While some people may associate the idea of chia seeds more with chia pets than with food, these seeds pack a real nutritional punch and have a number of uses in the kitchen. You can buy chia seeds online, which may be the cheapest way to get them, but they're also available in the natural foods sections of many major grocery stores.
Source of Concentrated Nutrition
These tiny seeds are an excellent source of concentrated nutrition. Just one ounce, which is about 2 tablespoons, provides 10 grams of fiber and 5 grams of protein as well as essential omega-3 fats and more than 10 percent of the daily value for essential minerals like manganese, phosphorus and calcium. This amount of chia seeds has just 138 calories, which isn't much considering how much nutritional value it provides.
May Lower Disease Risk
While the research is still preliminary, eating chia seeds may help to lower both inflammation and cholesterol, thus decreasing the risk for heart disease. Chia seeds may also be helpful for controlling spikes in blood sugar levels after meals, and because most of the carbohydrates they contain are in the form of fiber, aren't likely to cause large increases in blood sugar themselves. This makes them a good choice for diabetics to include in their diets. Because chia seeds are high in nutrients that help build strong bones, they may be good for those looking to limit their osteoporosis risk.
Can Work As An Egg Substitute
If you're a vegan trying to bake without eggs, or if you've just run out of eggs and don't want to run to the store, chia seeds can be used to make an egg substitute that works in baking. Simply mix 3 tablespoons of warm water with 1 tablespoon of chia seeds and let them sit for about 5 minutes or so until they form a gel. Then add them to the recipe as you would eggs. Obviously, this wouldn't work for something like scrambled eggs or dishes where you need to whip the egg whites to stiff peaks, but for many baking recipes, it's a suitable replacement.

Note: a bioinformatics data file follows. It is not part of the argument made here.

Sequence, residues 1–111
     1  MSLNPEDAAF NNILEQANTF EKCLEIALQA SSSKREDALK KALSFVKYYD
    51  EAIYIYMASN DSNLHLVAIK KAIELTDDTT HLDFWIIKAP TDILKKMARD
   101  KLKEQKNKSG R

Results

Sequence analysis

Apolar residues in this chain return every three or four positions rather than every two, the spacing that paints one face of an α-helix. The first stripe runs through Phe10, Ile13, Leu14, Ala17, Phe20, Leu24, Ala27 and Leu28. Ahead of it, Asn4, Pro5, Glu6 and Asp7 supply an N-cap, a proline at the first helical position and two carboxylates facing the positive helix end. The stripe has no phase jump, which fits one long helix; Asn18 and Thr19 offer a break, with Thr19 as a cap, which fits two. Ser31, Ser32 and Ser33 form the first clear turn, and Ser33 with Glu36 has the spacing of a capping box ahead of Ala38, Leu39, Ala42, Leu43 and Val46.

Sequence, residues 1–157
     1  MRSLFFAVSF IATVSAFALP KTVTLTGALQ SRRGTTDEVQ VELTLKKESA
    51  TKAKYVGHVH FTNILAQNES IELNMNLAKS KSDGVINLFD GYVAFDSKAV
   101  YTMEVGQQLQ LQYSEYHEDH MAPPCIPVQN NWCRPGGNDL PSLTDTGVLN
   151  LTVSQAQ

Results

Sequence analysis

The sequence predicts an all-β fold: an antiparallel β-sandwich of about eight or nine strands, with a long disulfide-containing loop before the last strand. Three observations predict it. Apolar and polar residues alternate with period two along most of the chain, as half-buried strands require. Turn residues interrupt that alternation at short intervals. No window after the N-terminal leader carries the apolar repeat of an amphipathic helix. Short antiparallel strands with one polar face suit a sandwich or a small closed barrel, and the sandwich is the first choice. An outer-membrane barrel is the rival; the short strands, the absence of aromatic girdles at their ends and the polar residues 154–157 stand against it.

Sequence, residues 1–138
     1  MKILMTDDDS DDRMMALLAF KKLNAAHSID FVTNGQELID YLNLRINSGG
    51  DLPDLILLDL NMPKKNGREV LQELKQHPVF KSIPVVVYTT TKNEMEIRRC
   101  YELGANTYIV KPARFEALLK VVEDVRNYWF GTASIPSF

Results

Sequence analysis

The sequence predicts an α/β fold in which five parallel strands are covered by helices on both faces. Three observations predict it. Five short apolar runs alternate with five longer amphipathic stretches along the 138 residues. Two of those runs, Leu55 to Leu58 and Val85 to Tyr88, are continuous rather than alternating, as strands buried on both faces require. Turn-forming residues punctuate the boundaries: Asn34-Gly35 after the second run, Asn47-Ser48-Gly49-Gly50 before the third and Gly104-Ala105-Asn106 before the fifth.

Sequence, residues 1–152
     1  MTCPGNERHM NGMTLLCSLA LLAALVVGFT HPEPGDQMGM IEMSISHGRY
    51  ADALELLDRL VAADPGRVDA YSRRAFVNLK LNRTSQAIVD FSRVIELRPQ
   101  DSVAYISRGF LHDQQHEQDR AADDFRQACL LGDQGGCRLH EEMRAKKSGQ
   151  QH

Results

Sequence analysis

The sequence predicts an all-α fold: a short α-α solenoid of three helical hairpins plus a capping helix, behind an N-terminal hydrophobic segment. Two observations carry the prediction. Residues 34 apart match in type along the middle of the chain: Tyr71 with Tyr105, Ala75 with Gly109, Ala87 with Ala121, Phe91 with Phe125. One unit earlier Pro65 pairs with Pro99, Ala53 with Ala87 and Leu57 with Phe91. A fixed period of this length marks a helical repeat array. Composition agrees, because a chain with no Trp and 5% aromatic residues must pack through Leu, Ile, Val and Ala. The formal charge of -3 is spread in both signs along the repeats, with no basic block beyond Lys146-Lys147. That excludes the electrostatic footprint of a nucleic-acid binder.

Lots of Uses
Those who are worried about what they'll actually do after they buy chia seeds and bring them home shouldn't be. There are plenty of recipes online for making chia seed puddings, chia seed jams, overnight oats and other recipes. You can add nutrition to cereal, smoothie, yogurt or other dishes by adding chia seeds as a topping. Sprinkle them on right before eating the dish if you'd like to add crunch, or a short while before eating if you want them to soften in the liquid from the dish so they aren't as noticeable.Share